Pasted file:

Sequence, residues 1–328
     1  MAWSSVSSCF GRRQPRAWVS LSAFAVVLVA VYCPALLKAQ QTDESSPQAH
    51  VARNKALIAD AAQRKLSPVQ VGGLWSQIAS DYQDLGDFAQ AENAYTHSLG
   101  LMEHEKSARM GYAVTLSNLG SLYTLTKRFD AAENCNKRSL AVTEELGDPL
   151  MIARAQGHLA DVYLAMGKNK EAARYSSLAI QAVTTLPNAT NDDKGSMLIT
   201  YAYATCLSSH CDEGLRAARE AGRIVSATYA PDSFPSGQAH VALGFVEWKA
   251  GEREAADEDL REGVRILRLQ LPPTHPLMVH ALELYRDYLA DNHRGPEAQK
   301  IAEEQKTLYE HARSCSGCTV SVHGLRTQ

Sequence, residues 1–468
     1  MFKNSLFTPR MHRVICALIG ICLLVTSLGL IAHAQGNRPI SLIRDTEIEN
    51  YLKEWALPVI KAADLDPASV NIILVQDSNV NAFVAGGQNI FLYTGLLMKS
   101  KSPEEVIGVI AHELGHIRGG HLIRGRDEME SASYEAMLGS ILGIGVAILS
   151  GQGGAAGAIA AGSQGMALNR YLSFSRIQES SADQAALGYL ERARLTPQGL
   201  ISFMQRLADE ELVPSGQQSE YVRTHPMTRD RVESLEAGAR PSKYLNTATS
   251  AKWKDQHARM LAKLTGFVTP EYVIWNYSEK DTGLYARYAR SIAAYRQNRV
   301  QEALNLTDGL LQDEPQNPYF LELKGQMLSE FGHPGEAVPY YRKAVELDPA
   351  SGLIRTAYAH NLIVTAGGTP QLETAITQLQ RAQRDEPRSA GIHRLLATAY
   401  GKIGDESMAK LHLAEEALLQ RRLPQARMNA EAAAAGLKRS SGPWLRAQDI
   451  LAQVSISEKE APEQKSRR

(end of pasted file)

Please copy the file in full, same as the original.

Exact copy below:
Sequence, residues 1–328
     1  MAWSSVSSCF GRRQPRAWVS LSAFAVVLVA VYCPALLKAQ QTDESSPQAH
    51  VARNKALIAD AAQRKLSPVQ VGGLWSQIAS DYQDLGDFAQ AENAYTHSLG
   101  LMEHEKSARM GYAVTLSNLG SLYTLTKRFD AAENCNKRSL AVTEELGDPL
   151  MIARAQGHLA DVYLAMGKNK EAARYSSLAI QAVTTLPNAT NDDKGSMLIT
   201  YAYATCLSSH CDEGLRAARE AGRIVSATYA PDSFPSGQAH VALGFVEWKA
   251  GEREAADEDL REGVRILRLQ LPPTHPLMVH ALELYRDYLA DNHRGPEAQK
   301  IAEEQKTLYE HARSCSGCTV SVHGLRTQ

Sequence, residues 1–468
     1  MFKNSLFTPR MHRVICALIG ICLLVTSLGL IAHAQGNRPI SLIRDTEIEN
    51  YLKEWALPVI KAADLDPASV NIILVQDSNV NAFVAGGQNI FLYTGLLMKS
   101  KSPEEVIGVI AHELGHIRGG HLIRGRDEME SASYEAMLGS ILGIGVAILS
   151  GQGGAAGAIA AGSQGMALNR YLSFSRIQES SADQAALGYL ERARLTPQGL
   201  ISFMQRLADE ELVPSGQQSE YVRTHPMTRD RVESLEAGAR PSKYLNTATS
   251  AKWKDQHARM LAKLTGFVTP EYVIWNYSEK DTGLYARYAR SIAAYRQNRV
   301  QEALNLTDGL LQDEPQNPYF LELKGQMLSE FGHPGEAVPY YRKAVELDPA
   351  SGLIRTAYAH NLIVTAGGTP QLETAITQLQ RAQRDEPRSA GIHRLLATAY
   401  GKIGDESMAK LHLAEEALLQ RRLPQARMNA EAAAAGLKRS SGPWLRAQDI
   451  LAQVSISEKE APEQKSRR